But under the Trump regime things are rapidly changing in this arena. Americans United for Separation of Church and State provides the following information.

Private school voucher plans that use public funds to subsidize private religious schools are operating in some states, and President Donald Trump and Education Secretary Betsy DeVos have proposed a nationwide tuition tax credit scheme (a type of backdoor voucher plan) that would cost billions.

In addition, “faith-based” initiatives continue to proliferate. Under Trump, some taxpayer-subsidized religious institutions have boldly declared that they have a right to take money from the public yet refuse to serve certain classes of people, a situation Americans United is challenging in federal court in South Carolina.

The framers of the American Constitution in 1776 believed that houses of worship should not receive tax dollars. They didn’t feel this way because they were hostile to religion – far from it. While they clearly believed that forcing people to support religion against their will was a violation of the fundamental right of conscience, the Founding Fathers also understood that expecting faith communities to stand on their own feet was good for religion.

In 1785, James Madison penned the “Memorial and Remonstrance Against Religious Assessments” – a broadside that blasted a proposal to force all residents of Virginia to pay a tax to support Christian ministers.

The document is essentially a list of 15 reasons why church taxes are a terrible idea. The entire thing is brilliant, but point seven is especially relevant today:

Because experience witnesseth that ecclesiastical establishments, instead of maintaining the purity and efficacy of Religion, have had a contrary operation. During almost fifteen centuries has the legal establishment of Christianity been on trial. What have been its fruits? More or less in all places, pride and indolence in the Clergy, ignorance and servility in the laity, in both, superstition, bigotry and persecution. Enquire of the Teachers of Christianity for the ages in which it appeared in its greatest lustre; those of every sect, point to the ages prior to its incorporation with Civil policy.”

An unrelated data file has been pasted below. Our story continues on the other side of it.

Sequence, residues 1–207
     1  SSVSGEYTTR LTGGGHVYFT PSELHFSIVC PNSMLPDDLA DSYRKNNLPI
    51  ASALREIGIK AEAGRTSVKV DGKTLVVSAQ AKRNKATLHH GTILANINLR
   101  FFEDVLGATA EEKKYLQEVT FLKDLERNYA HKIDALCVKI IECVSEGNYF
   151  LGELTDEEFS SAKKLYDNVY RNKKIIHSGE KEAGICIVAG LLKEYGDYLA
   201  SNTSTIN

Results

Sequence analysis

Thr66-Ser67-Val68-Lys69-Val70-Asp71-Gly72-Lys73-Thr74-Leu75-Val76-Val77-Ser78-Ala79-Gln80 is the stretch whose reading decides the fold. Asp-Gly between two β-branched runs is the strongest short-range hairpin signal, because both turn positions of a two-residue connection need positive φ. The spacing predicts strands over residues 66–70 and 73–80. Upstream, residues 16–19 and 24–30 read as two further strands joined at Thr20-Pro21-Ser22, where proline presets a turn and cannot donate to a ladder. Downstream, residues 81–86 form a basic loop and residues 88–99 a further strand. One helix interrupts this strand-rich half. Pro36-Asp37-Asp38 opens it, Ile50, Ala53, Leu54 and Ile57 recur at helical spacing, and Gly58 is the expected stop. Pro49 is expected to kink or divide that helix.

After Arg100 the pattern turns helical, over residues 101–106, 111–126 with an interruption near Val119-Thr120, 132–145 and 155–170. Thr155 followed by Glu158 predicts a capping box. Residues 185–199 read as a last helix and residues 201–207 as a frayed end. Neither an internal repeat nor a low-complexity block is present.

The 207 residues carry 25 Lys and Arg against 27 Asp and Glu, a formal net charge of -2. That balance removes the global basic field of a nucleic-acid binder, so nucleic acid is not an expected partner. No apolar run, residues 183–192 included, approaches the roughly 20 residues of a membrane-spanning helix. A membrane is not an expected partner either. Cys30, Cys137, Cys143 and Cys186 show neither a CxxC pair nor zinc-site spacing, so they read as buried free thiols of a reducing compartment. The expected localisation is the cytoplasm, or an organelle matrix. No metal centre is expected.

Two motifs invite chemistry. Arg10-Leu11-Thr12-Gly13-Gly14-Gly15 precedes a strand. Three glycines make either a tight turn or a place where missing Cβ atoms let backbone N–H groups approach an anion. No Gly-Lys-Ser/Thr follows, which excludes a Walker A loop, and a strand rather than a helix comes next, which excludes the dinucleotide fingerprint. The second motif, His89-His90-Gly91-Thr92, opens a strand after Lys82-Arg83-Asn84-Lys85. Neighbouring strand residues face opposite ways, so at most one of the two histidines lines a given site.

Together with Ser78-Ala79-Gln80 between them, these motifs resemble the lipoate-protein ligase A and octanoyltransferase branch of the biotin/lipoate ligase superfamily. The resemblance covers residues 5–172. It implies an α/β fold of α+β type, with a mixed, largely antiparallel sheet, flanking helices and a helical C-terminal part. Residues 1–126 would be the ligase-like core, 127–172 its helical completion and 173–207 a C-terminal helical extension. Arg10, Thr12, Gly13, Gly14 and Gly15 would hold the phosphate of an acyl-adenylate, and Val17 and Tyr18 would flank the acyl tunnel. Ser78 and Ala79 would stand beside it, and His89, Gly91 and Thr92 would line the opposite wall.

Far be it from me to paraphrase Madison, but he’s essentially saying here that evidence shows that church taxes haven’t helped religion, they’ve ruined it. He points out that the Christian faith received state support for 1,500 years, and this led the clergy to become arrogant and lazy. It also sparked ignorance among lay members and fostered persecution. Madison recommends that you ask ministers – they'll tell you that Christianity did better before it took state money.

Madison was right, and we can see evidence of this is the world today. Consider the countries that still have taxpayer-supported, state-sponsored religion. They tend to be either nightmarish theocracies or places where religion plays a largely ceremonial role but dwindling numbers of people actually bother to attend services.

America needs to re-embrace one of its founding principles: No one should be taxed to pay for the religion of another. On Tax Day, recommit to that idea yourself and work with Americans United to buttress it.

P.S. Benjamin Franklin also had a great quote on this topic: “When a Religion is good, I conceive that it will support itself; and when it cannot support itself, and God does not take care to support, so that its Professors are obliged to call for the help of the Civil Power, ’tis a Sign, I apprehend, of its being a bad one.”